It's an exciting time for Australia in space: the establishment of a new Australian Space Agency, the growth of new businesses in the local space industry, and collaborations with worldwide agencies including NASA on their inspirational missions to the Moon and Mars that will create jobs and opportunities for Australians.
OPOC commits NASA to a decade-long contract that will span several presidencies. That may be all that matters to the space agency at the moment, especially with the deadline for a crewed Moon mission rapidly approaching. The first batch of Orion spacecraft will be used for Artemis missions III, IV, and V with a contract value of $2.7 billion. "Driving down cost and manufacturing them more efficiently and faster will be key to making the Artemis program a success", said Mike Hawes, Orion program manager for Lockheed Martin Space.
Lockheed Martin will be working under Nasa's Orion Production and Operations Contract (OPOC), an indefinite-delivery, indefinite-quantity (IDIQ) contact for NASA to issue both cost-plus-incentive-fee and firm-fixed-price orders.
NASA is also hoping to re-use the Orion capsules at least once per spacecraft starting with Artemis II, the first crewed mission in the program, which is only set to do a Moon flyby and not actually touchdown.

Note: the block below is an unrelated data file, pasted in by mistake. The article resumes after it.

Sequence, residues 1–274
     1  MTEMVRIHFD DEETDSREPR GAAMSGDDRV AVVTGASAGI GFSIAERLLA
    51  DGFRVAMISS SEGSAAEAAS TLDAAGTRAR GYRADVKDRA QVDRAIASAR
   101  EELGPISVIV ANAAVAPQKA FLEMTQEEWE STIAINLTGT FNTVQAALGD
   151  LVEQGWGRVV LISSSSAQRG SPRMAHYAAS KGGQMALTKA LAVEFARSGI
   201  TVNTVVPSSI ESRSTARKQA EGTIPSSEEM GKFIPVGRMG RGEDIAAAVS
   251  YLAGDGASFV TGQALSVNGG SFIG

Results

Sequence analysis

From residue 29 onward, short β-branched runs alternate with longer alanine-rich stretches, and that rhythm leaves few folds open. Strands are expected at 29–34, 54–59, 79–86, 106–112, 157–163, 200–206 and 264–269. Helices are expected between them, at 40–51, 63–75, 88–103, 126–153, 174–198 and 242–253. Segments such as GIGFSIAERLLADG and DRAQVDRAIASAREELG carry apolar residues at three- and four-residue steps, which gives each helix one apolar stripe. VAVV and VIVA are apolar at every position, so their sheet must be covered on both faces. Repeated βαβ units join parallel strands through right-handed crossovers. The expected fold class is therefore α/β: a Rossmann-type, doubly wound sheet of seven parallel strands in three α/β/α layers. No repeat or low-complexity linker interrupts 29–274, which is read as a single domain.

"We can fully test out a spacecraft before it goes to space", Wheelock said.
"By signing this contract for an additional six more capsules, [NASA] is committed to supporting this mission through the 2030s", said space policy analyst Laura Forczyk "It's a long-term commitment". With NASA's accelerated return to the Moon, Johnson Space Center now is managing more major human spaceflight programs than ever before.
Notice how the Orion spacecraft ordered don't start supporting the Artemis missions until the third one?
CSIRO looks forward to continuing to work closely with NASA and the Australian Space Agency on the next giant leaps to the Moon, Mars and beyond.
"With the design and development phase of Orion largely behind us, this new contract will enable us to increase efficiencies, reuse the spacecraft, and bring down the cost of reliably transporting people between earth and the Gateway". Engineers at Kennedy Space Center in Florida have completed and attached the crew and service modules for Artemis I and are preparing the spacecraft for environmental testing.